Becoming Smaller: Notes on Smallness in Kabbalah, Hasidic Thought, and Kafka

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Small people can be found throughout the folklore, religion, and literature of the west.   But what is more interesting is not that there are small people but why or how they become small and what this becoming means. One may be made small by reality (which crushes one to a pulp), one can make oneself small, or one can be made and make oneself small.

Smallness is a persistent theme in the Torah and in the literature of Franz Kafka, Paul Celan, Shalom Aliechem, I.B. Singer, and even modern Jewish American writers like Gary Shteyngart, Shalom Auslander, Cynthia Ozick, and Dara Horn (to name just a handful of Jewish writers who span continents, time periods, and languages).   There is also a deep meditation on smallness in Hasidic, mystical thought and in the Kabbalah of the Ari (Rabbi Isaac Luria).   Despite the fact that some scholars have addressed the mystical aspects of Celan and Kafka’s work, few, however, have looked into the relationship between the Jewish mystical tradition of becoming small and the motifs we find in their texts. Moreover, few have looked into how this relates to the smallest and most simple comic character of all (which we find in Kafka, Aleichem, Singer, Shteyngart (et al) and even Celan): the schlemiel. Since it can open up new convergences of literature, religion, mysticism, and Jewish philosophy, this is a task for schlemiel theory.     (In these notes I will take a brief look at the link between smallness – in Jewish mysticism and in Kafka’s “Josephine the Singer, or the Mouse Folk.”)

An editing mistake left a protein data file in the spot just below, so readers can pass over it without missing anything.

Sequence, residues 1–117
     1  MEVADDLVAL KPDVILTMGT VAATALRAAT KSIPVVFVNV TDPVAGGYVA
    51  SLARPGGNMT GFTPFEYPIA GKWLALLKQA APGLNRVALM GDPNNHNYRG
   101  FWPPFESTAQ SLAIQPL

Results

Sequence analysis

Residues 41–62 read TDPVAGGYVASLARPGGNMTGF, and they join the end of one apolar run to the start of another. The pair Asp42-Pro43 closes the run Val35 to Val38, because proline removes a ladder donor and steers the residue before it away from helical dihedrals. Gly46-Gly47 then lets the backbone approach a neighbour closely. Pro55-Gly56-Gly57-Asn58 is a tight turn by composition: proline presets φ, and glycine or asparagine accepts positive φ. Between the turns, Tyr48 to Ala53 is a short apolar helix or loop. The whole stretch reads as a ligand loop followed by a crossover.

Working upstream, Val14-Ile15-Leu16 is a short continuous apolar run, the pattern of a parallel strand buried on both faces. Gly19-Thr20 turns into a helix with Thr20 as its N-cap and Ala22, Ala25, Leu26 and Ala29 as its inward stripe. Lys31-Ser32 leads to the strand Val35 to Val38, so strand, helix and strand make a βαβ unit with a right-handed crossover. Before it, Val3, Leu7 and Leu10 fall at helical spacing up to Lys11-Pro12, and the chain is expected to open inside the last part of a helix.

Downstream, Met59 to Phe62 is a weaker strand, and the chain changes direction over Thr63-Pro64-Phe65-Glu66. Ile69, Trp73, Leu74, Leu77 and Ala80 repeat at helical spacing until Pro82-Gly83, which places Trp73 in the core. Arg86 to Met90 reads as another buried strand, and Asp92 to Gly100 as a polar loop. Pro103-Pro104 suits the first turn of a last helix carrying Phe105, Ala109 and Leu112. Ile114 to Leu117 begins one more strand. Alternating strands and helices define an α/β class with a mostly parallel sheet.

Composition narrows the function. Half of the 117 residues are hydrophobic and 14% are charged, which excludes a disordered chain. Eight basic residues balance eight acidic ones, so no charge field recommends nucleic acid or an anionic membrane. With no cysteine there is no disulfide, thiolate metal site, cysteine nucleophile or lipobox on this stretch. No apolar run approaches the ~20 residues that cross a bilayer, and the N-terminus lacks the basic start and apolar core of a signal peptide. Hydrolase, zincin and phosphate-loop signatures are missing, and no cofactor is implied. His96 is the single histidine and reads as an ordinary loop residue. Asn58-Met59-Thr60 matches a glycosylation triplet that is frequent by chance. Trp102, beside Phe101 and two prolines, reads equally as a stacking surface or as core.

We find a recurring meditation on becoming small with either the zaddik (righteous Jew) coming close to God or, in Hasidic thought, bringing Torah to simple folk. In Mysticism and Madness: The Religious Thought of Rabbi Nachman of Bratslav, Zvi Mark lays this out in terms of three basic types of smallness which speak to being made small or making oneself small (of fate and volition):

  1. Not even a great person is able to cleave to God continuously. He must relax his intensity in order to continue to exist in the physical world. States of ‘smallness’ provide rest and renewal of strength before an impending ascent.
  2. The descent of the zaddik enables him to come close to the people (“the common man”) for the sake of their advancement and ascent. In this sense, he is obligated to descend of his own volition to a state of smallness in order to raise op the masses.
  3. The descent of the zaddik to a state of ‘smallness’ is due to his generation, whose spiritual condition affects his own spiritual world. In such an instance, the zaddik’s descent occurs against his will and not volitionally. The zaddik’s ‘smallness’ is expressed in his actions, which are like those of the normal person not being disposed to cleaving to God – i.e., engagement in everyday speech, in business and in other mundane affairs. Only at the time of his descent can the zaddik come in contact with the members of his community… (186)